Emu/Rhea questiongreenspun.com : LUSENET : Countryside : One Thread
I am interested in obtaining some Emu oil for soap and lotion making. I have a neighbor who has Rheas and will sell them to me. Can anyone tell me if the oil/fat is similar in property to Emu, and how to butcher with fat-taking in mind. Also, how would I render it out gently? I'm really not interested in the meat at all, just the oil and fat. I've heard the oil drips out of the Emu when butchering. Would it be the same for a Rhea, and how do I collect this? Sorry if these questions sound ignorant, but I AM ignorant about these animals! Mary
-- Mary Fraley (email@example.com), February 15, 2002
Dear Mary. We raise rhea's and have for many years. The rhea oil does have the same properties as the emu. The oil does not drip out and must be rendered out of the fat. It is best to use a slow cooker or oven on low. Just be sure to keep an eye on it. Shame on you for not using the meat. It is very low in colestrol and fat. If you partially freeze it and slice, it makes wonderful jerky. I also cook the meat in the crock pot for wonderful roasts.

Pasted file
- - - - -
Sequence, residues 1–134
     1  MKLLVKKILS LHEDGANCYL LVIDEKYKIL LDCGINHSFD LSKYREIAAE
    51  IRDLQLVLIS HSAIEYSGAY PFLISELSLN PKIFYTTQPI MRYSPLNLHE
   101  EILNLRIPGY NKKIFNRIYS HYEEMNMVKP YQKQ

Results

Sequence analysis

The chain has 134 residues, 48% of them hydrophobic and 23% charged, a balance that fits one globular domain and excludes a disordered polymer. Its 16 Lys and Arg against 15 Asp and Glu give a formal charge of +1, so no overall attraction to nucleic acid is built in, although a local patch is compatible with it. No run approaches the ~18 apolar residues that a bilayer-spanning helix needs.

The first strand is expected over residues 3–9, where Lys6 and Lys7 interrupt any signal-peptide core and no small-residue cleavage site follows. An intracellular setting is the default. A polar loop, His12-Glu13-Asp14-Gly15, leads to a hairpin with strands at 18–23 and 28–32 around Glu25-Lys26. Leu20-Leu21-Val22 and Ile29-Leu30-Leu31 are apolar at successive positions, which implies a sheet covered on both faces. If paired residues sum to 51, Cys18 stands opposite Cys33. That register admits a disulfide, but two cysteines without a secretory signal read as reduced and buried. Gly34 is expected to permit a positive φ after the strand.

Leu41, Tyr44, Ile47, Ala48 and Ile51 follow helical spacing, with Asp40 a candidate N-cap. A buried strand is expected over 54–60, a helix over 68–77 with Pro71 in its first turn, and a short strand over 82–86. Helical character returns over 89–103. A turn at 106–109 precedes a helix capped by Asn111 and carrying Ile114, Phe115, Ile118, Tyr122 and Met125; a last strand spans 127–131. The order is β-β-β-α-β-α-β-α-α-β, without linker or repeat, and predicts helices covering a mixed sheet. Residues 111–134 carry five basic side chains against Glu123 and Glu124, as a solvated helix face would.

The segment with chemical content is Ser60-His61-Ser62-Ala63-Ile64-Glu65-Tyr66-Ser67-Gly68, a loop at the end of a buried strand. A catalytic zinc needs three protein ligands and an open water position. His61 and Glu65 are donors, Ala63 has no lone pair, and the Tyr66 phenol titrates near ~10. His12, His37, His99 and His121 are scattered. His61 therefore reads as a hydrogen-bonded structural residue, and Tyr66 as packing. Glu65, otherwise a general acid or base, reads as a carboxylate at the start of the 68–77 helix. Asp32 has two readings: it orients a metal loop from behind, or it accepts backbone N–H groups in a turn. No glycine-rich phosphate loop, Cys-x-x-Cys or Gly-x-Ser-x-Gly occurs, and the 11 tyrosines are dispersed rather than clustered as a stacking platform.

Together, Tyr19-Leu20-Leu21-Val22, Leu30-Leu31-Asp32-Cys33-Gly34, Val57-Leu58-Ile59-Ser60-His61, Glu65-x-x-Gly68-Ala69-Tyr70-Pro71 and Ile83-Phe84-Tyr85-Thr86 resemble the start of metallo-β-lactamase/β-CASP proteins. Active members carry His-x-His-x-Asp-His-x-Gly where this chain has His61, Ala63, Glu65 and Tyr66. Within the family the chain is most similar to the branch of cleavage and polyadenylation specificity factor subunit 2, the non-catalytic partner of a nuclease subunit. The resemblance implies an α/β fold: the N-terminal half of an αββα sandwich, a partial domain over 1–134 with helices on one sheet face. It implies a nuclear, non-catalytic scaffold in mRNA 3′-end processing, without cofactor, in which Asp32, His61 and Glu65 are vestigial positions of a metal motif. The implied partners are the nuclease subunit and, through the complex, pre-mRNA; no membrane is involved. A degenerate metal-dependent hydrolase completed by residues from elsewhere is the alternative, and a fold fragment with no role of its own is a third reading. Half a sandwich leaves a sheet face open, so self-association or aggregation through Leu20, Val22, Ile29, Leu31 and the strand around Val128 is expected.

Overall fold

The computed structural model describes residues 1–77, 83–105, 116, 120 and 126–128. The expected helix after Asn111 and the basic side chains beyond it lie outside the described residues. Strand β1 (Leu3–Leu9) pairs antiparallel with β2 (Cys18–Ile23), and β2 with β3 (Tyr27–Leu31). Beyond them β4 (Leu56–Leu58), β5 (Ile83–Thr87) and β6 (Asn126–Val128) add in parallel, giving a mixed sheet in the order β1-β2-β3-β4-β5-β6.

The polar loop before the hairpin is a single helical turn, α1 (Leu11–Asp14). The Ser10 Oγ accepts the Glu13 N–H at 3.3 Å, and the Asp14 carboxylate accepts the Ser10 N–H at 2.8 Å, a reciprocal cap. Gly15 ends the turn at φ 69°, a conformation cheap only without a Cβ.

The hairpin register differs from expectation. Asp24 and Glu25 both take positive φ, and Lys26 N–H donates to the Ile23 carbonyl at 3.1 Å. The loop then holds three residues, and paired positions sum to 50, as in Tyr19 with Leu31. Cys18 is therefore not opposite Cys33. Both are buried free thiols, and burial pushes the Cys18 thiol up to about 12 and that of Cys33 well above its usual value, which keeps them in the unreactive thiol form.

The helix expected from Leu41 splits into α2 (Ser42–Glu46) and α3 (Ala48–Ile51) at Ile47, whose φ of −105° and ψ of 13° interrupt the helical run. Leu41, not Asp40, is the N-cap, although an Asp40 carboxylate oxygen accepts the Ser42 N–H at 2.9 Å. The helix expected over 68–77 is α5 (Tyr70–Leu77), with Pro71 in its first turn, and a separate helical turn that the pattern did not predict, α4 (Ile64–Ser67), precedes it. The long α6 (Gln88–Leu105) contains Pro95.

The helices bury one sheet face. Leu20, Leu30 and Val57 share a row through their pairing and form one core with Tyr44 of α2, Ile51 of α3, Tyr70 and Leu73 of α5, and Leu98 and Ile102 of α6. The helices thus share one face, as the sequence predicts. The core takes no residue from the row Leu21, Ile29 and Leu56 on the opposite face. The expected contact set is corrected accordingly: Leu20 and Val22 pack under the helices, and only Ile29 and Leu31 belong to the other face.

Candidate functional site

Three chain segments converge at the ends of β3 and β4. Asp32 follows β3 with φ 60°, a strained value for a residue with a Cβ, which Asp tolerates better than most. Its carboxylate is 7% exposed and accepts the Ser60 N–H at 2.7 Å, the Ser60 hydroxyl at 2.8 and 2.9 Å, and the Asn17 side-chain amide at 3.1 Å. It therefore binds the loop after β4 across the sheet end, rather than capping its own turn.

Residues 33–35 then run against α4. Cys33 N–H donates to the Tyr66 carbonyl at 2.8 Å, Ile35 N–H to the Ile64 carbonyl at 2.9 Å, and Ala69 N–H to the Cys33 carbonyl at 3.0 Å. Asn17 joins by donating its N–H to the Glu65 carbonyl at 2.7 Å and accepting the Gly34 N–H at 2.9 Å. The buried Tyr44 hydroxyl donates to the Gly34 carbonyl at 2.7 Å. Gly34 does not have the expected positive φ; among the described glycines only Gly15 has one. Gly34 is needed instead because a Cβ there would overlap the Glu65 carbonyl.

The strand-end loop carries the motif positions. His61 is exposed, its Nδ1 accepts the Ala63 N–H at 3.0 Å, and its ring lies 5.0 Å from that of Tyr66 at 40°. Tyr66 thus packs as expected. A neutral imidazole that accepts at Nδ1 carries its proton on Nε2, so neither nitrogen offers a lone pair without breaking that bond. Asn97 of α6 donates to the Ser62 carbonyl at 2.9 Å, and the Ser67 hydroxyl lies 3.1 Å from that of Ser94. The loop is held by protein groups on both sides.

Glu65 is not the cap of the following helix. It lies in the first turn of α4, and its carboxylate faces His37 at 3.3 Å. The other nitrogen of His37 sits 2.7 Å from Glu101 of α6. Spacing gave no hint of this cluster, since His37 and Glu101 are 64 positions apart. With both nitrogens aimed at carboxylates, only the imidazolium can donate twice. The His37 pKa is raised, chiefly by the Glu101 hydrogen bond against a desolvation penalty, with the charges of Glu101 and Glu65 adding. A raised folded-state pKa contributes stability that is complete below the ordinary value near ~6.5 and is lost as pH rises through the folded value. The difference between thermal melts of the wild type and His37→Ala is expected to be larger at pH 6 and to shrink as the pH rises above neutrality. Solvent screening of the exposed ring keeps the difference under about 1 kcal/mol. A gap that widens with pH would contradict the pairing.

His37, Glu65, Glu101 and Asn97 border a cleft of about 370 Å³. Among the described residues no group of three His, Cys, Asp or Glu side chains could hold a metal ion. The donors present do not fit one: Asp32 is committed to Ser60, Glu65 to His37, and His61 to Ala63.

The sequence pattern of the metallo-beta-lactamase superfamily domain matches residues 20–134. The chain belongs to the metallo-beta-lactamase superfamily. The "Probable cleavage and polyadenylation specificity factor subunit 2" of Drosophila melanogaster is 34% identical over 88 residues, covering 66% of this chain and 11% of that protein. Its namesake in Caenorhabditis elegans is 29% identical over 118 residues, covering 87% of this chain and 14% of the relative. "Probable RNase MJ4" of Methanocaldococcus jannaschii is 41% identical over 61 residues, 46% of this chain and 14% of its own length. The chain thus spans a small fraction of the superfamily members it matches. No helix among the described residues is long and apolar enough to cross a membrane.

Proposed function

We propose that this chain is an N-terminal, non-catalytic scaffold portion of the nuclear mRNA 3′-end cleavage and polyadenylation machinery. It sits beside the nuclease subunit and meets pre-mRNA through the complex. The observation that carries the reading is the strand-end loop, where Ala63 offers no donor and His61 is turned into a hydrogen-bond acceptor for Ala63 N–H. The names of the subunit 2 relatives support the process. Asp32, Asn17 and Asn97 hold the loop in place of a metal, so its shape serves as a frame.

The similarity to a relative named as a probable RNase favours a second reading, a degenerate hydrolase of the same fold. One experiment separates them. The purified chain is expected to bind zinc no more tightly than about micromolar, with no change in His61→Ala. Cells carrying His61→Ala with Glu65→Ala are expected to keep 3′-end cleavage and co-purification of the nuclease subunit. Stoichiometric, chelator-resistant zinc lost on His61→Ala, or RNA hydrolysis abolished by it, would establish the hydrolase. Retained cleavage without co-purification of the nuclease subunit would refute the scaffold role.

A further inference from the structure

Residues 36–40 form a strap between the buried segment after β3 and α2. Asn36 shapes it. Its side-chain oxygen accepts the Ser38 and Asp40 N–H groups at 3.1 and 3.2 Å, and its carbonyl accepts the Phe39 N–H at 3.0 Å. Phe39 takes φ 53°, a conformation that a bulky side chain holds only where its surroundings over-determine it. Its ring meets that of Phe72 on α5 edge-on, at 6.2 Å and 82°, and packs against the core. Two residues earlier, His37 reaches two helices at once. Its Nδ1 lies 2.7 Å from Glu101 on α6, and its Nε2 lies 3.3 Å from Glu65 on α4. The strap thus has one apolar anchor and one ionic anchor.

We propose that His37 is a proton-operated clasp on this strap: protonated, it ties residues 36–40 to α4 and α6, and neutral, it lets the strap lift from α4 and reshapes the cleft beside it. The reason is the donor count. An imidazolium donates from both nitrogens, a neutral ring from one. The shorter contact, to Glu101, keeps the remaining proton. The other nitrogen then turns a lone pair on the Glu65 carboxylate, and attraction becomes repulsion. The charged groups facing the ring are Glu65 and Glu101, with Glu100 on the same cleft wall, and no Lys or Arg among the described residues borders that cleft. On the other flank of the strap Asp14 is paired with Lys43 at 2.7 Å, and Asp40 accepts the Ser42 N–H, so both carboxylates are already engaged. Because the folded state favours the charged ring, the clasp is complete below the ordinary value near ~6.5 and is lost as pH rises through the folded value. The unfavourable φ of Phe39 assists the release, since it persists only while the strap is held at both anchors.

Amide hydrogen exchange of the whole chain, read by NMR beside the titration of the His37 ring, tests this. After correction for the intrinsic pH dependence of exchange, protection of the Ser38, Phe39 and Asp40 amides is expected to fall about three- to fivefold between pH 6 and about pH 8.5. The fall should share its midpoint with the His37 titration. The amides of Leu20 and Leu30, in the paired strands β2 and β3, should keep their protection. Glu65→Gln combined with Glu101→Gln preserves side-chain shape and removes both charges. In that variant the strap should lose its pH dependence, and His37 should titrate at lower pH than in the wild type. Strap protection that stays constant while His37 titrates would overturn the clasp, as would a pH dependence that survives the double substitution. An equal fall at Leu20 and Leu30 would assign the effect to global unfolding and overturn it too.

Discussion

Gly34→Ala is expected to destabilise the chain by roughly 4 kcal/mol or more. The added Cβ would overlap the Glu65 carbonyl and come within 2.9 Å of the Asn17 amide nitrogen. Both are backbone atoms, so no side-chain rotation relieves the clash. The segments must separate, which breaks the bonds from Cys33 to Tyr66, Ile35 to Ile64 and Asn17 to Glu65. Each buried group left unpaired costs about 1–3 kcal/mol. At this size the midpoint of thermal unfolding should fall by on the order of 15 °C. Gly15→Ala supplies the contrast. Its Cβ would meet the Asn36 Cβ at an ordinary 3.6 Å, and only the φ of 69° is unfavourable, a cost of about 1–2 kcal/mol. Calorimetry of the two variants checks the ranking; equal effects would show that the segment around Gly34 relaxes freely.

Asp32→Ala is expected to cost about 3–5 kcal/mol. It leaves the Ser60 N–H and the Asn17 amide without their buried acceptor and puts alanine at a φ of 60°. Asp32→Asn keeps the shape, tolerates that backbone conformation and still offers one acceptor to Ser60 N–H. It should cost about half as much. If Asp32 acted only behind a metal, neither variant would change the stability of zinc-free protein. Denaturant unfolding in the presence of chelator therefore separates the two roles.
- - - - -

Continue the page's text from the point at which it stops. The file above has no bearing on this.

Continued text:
-- Barbara Saulters (firstname.lastname@example.org), February 16, 2002.
Here's some info from a friend of mine who raises emu:
"One of the problems with emu oil is that the emu usually has to die to extract it. Emu oil is rendered and purified from the body fat of the emu.
When the abo's in Australia would kill a fresh emu, they would wrap the warm, oily hide around the shoulders of their elderly suffering from arthritis to soothe them.
Most of the fat on emu is stored under the skin just like ducks and chickens.
There is one guy experimenting with dissolution and liposuction to extract the oil from living emus. He says that they don't appear to be in any pain when he does this. He extracts the oil from the large fat deposit that forms over the base of their back. I've seen fat layers 4 inches thick over the base of the tail when I process and skin emus."
-- ~Rogo (email@example.com), February 16, 2002.